For the first In Sohee Park’s decades-long career in schizophrenia research, she rarely stopped to reflect on what life was like for her research subjects. Now a professor of psychology at Vanderbilt University, Park has made a name for himself studying working memory, the fast, notepad-like memory that helps us keep track of what we’re doing. Using simple tasks to deconstruct how the schizophrenic brain works, Park hoped to unravel the underlying causes of the condition’s reality-distorting symptoms, such as delusions, false beliefs that resist conflicting evidence, and hallucinations, which take often the form of imaginary voices.
“We do symptom interviews all the time, where we ask set questions about symptoms — and those are very standardized, and that’s what we’re supposed to do,” she says. “We never really discuss life, or their philosophy of life, or what they think of their condition in general.”
Psychological research on schizophrenia generally looks like this: A person who has been diagnosed with schizophrenia, or another illness that causes similar psychosis, goes through test after test. Usually one of them is the PANSS, or “Positive and Negative Syndrome Scale”. The administration of this test is usually the only time the researcher will ask their subject about their actual experience of psychosis – and everything the subject says will be distilled into numerical scores from 1 to 7. For the PANSS, a grand delusion ( “I am the second coming of Jesus”) is tantamount to a delusion of persecution (“Someone is trying to kill me”) is tantamount to a referential delusion (“Everyone is talking about me”).
In recent years, Park has taken a different approach: she asks her research subjects open-ended questions. She has heard of things far beyond the confines of the PANSS, such as out-of-body experiences; imagined presences; and deep flow states, throughout the day, induced by painting. Today, his research focuses primarily on how people with schizophrenia experience their own bodies.
In psychiatry, Park’s emphasis on personal experience is unusual. Academic psychologists have long favored quantitative, neuroscientific methods, like symptom checklists and brain scans, over hard-to-quantify personal accounts. But although they present analytical challenges, these accounts can still be studied. Last month, articles that appeared in mass-circulation journals — one in The Lancet Psychiatry and the other in Global Psychiatry– analyzed first-person accounts of delirium and psychosis. To some, this type of research, which deals with words and ideas rather than numbers and mathematical models, may seem unscientific. But Park, who was not involved in any of these studies, is among a small group of philosophers, psychologists and neuroscientists who believe that first-person accounts provide insight into what psychosis looks like and how it happens. works. “In the rush to want to be accepted by biological and physical scientists,” she says, “what we’ve left behind is who is going through this stuff? Who are the people who are actually going through these experiences?”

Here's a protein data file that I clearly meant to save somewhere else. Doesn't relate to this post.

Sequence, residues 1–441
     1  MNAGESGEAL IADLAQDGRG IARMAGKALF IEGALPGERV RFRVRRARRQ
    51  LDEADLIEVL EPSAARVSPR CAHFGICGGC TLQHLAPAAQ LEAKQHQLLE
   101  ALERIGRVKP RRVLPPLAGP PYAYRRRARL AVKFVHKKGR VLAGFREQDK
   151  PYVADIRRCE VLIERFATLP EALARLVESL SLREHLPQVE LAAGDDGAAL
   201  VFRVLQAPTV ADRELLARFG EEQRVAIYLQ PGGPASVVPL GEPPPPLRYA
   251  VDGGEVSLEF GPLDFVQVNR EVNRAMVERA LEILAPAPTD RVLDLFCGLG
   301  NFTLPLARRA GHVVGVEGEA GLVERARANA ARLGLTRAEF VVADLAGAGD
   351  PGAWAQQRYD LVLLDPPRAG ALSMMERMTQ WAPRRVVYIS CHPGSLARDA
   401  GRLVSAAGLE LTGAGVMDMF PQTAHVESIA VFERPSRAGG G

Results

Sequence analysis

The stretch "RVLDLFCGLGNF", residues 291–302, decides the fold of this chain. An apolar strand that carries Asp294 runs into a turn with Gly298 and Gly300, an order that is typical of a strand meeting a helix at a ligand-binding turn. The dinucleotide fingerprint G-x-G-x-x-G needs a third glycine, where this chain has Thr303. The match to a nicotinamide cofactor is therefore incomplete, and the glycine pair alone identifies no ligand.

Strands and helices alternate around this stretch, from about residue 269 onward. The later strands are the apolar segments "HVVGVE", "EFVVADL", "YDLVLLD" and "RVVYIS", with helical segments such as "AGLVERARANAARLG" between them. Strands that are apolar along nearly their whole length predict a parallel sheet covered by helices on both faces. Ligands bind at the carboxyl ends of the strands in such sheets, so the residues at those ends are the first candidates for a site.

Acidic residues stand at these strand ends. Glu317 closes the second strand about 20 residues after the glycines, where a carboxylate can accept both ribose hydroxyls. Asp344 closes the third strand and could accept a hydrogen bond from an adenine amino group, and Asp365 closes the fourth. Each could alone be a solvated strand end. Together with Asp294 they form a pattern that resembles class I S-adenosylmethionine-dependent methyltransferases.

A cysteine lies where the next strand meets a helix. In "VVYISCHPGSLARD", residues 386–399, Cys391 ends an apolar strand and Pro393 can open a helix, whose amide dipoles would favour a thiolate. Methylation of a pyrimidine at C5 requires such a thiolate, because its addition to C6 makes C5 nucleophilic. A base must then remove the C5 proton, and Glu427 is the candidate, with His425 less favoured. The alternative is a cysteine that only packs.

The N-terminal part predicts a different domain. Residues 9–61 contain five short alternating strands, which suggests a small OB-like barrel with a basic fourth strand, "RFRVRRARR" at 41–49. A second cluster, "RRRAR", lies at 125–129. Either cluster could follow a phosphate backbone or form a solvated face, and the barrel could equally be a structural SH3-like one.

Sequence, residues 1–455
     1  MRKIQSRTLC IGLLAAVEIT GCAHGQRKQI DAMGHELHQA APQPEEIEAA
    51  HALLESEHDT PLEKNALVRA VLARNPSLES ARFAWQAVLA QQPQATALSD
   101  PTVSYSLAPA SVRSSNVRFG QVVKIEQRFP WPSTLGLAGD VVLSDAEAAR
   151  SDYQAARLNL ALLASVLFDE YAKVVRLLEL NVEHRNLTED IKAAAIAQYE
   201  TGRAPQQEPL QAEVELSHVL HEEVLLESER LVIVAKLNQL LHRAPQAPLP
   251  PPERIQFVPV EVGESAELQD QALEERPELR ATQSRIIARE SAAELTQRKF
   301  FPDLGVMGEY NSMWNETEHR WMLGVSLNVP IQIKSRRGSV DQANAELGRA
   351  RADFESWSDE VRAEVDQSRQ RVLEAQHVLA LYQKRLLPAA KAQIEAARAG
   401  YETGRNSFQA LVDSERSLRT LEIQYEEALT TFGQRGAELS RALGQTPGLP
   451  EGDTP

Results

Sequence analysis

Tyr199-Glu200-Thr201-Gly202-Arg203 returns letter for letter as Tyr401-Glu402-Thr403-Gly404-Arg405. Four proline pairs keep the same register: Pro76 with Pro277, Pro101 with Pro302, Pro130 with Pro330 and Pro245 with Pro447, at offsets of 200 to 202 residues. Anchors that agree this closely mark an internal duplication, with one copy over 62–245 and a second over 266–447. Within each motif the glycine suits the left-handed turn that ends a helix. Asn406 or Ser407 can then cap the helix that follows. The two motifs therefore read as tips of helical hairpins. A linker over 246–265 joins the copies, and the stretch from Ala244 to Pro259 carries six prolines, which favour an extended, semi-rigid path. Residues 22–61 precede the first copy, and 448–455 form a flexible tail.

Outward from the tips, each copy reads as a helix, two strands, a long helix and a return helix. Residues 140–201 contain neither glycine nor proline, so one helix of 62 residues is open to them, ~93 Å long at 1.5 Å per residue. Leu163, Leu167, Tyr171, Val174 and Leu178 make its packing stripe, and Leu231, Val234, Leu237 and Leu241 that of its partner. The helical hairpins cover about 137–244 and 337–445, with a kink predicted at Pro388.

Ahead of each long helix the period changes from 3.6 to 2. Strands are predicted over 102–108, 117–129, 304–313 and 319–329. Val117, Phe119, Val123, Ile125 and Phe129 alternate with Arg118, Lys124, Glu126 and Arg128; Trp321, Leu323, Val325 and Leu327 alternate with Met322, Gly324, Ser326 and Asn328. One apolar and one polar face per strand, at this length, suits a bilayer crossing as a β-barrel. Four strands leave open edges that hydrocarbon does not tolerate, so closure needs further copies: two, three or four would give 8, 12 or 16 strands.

This neglect begins at the time of diagnosis. In the Diagnostic and Statistical Manual (DSM), the so-called bible of psychiatric diagnosis, conditions are defined as scorecards: You must have X of these Y symptoms for Z months to have a particular mental illness. The original purpose of this system was to facilitate research by providing an objective basis for deciding who had a mental illness and who did not. But these checklists leave little room for real-life complexities. “In my daily encounter with patients, there was very little resonance between what I was listening to in terms of lived experience – the complexity and the nuance and the detail and the context, the life context that this person was describing – and those very reductive boxes that you tick when making a diagnosis or thinking about treatment,” says Rosa Ritunnano, a psychiatrist and PhD student in interdisciplinary mental health research at the University of Birmingham, and lead author of the paper. in The Lancet Psychiatry.
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